On Labor Day, a call for fairness
Growing up in a family of public servants and working for nearly 35 years as a City of New London employee has made me appreciate both the importance of unions and the meaning of Labor Day.
Labor Day is not only an occasion to honor the achievements of working people, but also to prepare for the important fights ahead. This year, working people in every corner of the country have good reason to be proud. The labor movement is on the rise. We are marching and striking and organizing. We are refusing to accept business as usual.
You only have to look at the West Virginia teachers strike, and the cascading teacher strikes across the nation, to know that workers have had enough and are starting to fight back.
Labor Day is also a reminder of an increasingly out-of-balance economy. As the wealth of a few corporate elites reaches unprecedented heights, working people still are being left out of the immense prosperity that we create every day.
According to the AFL-CIO Executive Paywatch, in 2017, CEO pay at S&P 500 Index companies increased 6.4% to a total average compensation of $13.94 million. In contrast, production and nonsupervisory workers received a paltry 2.6% raise, earning on average just $38,613—a CEO-to-worker pay ratio of 361 to 1.
This report provides further proof that the greed of corporate CEOs is driving America’s income inequality crisis. Too many working people are struggling to get by, to afford the basics, to save for college, and to retire with dignity while CEOs are paying themselves more and more.
Our economy works best when consumers have money to spend. That means raising wages for workers and reining in out-of-control executive pay. Yet the opposite is happening.
Fifty years ago, in Memphis, Tennessee, Dr. Martin Luther King Jr. marched alongside striking sanitation workers who demanded the freedom to join a union. These brave workers knew that a union gave them the collective voice and the power in numbers they needed to resist racist so-called “right-to-work” legislation that to this day drives wages down for working people and communities of color.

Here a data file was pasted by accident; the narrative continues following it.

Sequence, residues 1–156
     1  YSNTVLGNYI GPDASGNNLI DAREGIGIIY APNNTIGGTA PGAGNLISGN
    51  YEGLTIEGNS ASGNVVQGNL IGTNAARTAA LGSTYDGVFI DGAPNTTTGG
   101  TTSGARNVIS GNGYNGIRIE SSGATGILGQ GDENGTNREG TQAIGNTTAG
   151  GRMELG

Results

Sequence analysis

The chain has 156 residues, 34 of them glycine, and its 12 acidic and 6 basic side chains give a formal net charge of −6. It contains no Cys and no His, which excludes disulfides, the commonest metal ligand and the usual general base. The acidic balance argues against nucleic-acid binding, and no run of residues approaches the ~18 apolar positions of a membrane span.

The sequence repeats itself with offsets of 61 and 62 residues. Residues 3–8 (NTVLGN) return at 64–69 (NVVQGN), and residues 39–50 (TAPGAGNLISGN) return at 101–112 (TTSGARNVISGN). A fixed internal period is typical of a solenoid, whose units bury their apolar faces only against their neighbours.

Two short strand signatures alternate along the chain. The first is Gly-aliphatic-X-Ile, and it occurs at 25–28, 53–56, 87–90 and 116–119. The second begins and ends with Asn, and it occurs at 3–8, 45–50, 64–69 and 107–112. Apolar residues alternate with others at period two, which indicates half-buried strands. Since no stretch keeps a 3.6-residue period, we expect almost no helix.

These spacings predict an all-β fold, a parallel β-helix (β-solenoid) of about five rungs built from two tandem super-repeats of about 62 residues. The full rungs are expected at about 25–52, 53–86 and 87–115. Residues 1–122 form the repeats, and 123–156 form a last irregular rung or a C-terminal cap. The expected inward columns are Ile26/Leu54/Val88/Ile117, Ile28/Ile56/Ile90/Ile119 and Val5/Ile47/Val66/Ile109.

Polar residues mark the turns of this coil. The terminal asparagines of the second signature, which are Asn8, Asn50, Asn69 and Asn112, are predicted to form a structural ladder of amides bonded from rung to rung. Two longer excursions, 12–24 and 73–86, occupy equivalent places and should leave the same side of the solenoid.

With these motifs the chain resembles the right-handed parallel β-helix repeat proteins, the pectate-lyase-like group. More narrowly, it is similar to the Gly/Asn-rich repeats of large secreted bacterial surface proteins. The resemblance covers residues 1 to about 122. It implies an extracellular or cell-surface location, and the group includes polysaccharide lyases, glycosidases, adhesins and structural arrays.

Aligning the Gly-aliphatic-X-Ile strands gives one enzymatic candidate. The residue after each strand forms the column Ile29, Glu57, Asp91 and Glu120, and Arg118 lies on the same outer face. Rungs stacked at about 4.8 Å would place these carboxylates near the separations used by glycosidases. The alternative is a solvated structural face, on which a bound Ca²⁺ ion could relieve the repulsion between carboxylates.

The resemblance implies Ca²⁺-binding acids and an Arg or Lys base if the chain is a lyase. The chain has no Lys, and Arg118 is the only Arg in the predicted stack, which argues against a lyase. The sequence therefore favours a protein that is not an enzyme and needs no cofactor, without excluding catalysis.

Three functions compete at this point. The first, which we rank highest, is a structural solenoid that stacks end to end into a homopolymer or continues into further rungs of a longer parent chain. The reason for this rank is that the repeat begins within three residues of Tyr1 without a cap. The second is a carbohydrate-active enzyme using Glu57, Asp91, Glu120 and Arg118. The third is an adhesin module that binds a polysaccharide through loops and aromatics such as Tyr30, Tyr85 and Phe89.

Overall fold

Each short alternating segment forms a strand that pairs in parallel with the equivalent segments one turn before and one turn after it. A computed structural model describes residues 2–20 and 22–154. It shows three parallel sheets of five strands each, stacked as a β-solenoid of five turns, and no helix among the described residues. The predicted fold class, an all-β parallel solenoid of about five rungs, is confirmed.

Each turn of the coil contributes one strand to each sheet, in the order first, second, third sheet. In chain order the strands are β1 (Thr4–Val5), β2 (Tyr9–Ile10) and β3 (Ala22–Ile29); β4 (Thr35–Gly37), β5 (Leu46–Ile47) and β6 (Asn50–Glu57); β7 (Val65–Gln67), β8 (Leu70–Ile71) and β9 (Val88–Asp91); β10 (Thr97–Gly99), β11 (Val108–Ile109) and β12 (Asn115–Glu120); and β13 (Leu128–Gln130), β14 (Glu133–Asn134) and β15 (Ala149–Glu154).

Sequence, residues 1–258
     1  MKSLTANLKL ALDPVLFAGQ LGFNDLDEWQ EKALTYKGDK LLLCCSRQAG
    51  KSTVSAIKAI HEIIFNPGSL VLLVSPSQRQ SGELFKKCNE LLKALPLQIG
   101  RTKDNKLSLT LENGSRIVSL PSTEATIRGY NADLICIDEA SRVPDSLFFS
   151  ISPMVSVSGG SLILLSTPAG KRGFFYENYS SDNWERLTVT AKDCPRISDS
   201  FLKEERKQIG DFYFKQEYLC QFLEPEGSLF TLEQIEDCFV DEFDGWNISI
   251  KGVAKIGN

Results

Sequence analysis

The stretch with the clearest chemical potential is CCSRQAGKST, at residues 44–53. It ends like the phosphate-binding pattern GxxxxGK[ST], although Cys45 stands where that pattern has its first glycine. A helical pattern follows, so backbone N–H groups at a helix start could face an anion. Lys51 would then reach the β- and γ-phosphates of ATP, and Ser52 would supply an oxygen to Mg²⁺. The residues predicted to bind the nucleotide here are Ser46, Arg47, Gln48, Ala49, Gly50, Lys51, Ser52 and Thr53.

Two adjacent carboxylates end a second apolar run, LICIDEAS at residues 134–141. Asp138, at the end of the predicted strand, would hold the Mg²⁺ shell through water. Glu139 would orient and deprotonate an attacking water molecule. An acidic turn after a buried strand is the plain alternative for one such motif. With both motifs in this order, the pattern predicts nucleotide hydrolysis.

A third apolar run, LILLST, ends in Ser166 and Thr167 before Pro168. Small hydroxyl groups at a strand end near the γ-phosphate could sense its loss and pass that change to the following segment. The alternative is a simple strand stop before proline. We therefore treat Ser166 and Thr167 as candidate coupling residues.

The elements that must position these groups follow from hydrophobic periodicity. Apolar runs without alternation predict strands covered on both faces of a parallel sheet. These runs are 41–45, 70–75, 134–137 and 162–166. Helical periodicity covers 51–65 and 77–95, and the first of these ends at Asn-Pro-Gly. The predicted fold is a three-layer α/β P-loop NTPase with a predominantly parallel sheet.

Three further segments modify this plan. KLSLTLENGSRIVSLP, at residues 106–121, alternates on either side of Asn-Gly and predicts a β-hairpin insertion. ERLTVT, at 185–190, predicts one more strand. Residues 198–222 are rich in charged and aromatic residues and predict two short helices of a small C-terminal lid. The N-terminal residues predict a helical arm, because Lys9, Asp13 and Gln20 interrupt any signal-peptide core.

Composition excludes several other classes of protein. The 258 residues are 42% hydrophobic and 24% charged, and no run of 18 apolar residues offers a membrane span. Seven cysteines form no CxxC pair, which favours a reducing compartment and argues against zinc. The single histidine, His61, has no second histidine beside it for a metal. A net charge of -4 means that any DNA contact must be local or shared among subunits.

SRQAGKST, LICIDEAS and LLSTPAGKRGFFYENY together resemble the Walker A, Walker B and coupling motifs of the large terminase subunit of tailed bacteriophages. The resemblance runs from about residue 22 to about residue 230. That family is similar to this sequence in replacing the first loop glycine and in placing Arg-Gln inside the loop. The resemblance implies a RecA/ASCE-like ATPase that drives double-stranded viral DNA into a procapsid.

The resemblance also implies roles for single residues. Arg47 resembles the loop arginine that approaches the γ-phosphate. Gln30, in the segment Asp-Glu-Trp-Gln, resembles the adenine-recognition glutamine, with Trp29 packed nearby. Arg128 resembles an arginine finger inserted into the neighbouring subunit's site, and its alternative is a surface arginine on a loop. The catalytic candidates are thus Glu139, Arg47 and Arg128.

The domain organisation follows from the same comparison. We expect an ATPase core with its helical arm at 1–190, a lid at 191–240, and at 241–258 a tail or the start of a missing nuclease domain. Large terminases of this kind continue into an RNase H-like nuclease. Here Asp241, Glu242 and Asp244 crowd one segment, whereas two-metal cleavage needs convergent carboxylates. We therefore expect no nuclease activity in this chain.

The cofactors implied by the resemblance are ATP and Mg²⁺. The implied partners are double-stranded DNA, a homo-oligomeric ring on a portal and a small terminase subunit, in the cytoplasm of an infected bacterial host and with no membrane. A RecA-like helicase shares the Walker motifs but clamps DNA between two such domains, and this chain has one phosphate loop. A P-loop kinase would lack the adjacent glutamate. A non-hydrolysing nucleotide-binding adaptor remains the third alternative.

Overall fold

Dr. King lost his life trying to help Memphis sanitation workers achieve dignity on the job. And 50 years after his assassination, the Supreme Court overturned decades of precedent to make “right to work” the law of the land by ruling in favor of the plaintiff in Janus v. AFSCME.
This case was a bald-faced attack on working people. A bare majority of the court caved in to the dark web of corporations and billionaires to prevent public-sector unions from collecting fair share fees from workers they represent and who benefit from the contract even though they choose not to join the union.
This ruling will not deter us. When workers are free to come together and negotiate for better wages, working conditions, health care, retirement security, and clean and safe environments, all working people benefit.
I speak from personal experience when I say that union membership is one of the best routes to a prosperous middle class. My hope for Labor Day — and every day — is that we all come together in the fight for fairness. By continuing Dr. King’s legacy of standing up for worker rights and freedoms, we can fix this rigged economy and truly celebrate the fruits of our labors.
David Kotecki is a City of New London employee and President of AFSCME Local 1378.
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